For some, the hardest part of a cleanse is giving up coffee. For others, it's sugar and bread.
And then there are those who dread giving up their evening cocktail–the glass of wine at the end of the day that signals to the body and brain, "I'm done now. Right? Can I be done now?"
A drink or two a night is how many of us relax. Alcohol, as you may know, is at first excitatory (a bit of a stimulant), and then sedative–mellowing the mind-body via the GABAnergic system (GABA is the main inhibitory, or quieting, neurotransmitter in the brain).
This can feel very, very good–particularly when we are overwrought, irritable, or otherwise up-regulated by stress. We spend much of our days in sympathetic overdrive–operating from that part of the nervous system sometimes called "fight or flight." I call it "out and about," as it is what we’re in when we drive, negotiate public transportation, interact with co-workers, and get the children out the door in the midst of morning mayhem. Sometimes this state isn’t so easy to come down from, particularly when the home itself is a source of stress. Stress which can arrive in the form of parenting challenges, tension with a partner, financial worry, noise, ceaseless media streams, and piles of The Undone–projects looming over us for which we never seem to have enough time.
Drinking, while relaxing for most, can also be a maladaptive coping strategy, and in the context of stress, dietary burden, environmental toxicities, and medications, a bear for the liver to deal with.
Alcohol in the evening can also disrupt sleep, and contribute to blood sugar regulation difficulties–both of which make us less resilient and stress tolerant. Taking a break from alcohol can help you get in touch with other ways of relaxing, like decompressing with a spouse or friend, walking the dog, taking a shower or bath, or doing some yoga. It also frees up the liver for its detox duties. Many people report having more energy and mental clarity, and an increased sense of purpose and focus when alcohol is periodically left off of the daily menu.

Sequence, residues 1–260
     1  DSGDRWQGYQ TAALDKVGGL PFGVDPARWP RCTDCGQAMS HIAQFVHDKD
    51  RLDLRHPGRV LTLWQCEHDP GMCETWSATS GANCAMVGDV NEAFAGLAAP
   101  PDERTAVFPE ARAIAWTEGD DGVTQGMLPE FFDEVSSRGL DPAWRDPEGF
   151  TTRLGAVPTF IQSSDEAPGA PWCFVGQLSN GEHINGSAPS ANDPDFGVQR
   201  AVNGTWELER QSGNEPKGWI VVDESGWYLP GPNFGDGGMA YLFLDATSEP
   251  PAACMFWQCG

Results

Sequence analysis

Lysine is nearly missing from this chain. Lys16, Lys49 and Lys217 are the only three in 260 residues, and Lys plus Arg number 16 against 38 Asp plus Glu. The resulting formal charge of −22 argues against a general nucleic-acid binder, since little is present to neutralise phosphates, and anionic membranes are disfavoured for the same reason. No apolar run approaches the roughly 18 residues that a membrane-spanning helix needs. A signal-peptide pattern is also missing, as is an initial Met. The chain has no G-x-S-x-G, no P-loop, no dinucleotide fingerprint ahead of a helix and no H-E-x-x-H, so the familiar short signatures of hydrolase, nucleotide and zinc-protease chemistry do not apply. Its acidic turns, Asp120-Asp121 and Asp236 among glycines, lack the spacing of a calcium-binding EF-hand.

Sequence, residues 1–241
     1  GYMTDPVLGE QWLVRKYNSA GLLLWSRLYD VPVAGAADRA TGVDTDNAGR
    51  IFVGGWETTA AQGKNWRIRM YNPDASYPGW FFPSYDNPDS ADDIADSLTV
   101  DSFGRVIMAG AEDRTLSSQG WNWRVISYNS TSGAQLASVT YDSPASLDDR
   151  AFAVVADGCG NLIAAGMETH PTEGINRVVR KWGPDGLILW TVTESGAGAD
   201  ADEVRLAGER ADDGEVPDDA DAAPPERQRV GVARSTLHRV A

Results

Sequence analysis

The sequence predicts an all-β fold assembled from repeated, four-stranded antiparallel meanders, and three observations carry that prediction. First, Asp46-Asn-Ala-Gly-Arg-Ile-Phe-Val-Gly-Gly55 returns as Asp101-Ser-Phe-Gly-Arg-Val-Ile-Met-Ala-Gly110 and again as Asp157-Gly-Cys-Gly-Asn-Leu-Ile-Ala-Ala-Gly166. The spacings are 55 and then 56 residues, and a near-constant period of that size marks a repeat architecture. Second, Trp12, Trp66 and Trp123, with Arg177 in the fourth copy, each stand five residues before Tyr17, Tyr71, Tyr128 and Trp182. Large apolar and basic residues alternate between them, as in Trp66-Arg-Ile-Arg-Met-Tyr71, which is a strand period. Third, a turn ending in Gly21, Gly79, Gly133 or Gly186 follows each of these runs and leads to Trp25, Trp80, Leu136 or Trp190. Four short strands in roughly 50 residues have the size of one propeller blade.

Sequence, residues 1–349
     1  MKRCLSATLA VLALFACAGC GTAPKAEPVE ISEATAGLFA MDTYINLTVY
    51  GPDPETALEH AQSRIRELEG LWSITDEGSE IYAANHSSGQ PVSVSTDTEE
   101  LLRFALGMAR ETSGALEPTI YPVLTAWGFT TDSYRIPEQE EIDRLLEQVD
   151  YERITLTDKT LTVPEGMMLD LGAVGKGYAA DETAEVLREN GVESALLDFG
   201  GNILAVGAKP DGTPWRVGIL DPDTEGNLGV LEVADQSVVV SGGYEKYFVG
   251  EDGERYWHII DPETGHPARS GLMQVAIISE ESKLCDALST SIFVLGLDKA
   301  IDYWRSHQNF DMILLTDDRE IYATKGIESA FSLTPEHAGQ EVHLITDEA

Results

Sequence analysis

Now, most alcoholic beverages were herbal beverages at their inception–fermented brews of herbs, honey, and fruits that altered and healed in (perhaps) equal measure. In more contemporary herbal medicine we have a whole class of herbs we call "Nervines," which can assist the shift from the sympathetic arm of the nervous system to the parasympathetic, or "rest and digest" side of the nervous system. While not necessarily sedative, they tend to be distinctly relaxing and allow for what I call a phase shift–opening a little space around what’s going on to allow for a different response other than anger, irritability, exasperation, or hopelessness. (We'll talk more about nervines and nervous system restoration in the Winter Cleanse when we focus on stress and the gut).
One of my favorite mocktails (what I drink when I’m not drinking) is a Nervine Fizz. This tasty herbal beverage lets you feel like you’re having a cocktail, and can help you relax like one. Here’s an example:
8-12 ounces of sparkling water
1 tsp "Feeling Easy" Tincture (a delightful blend of nervine herbs with a Schisandra kick)
1 tbsp Organic Tart Cherry Concentrate
Serve over ice, if desired, with a squeeze of lime.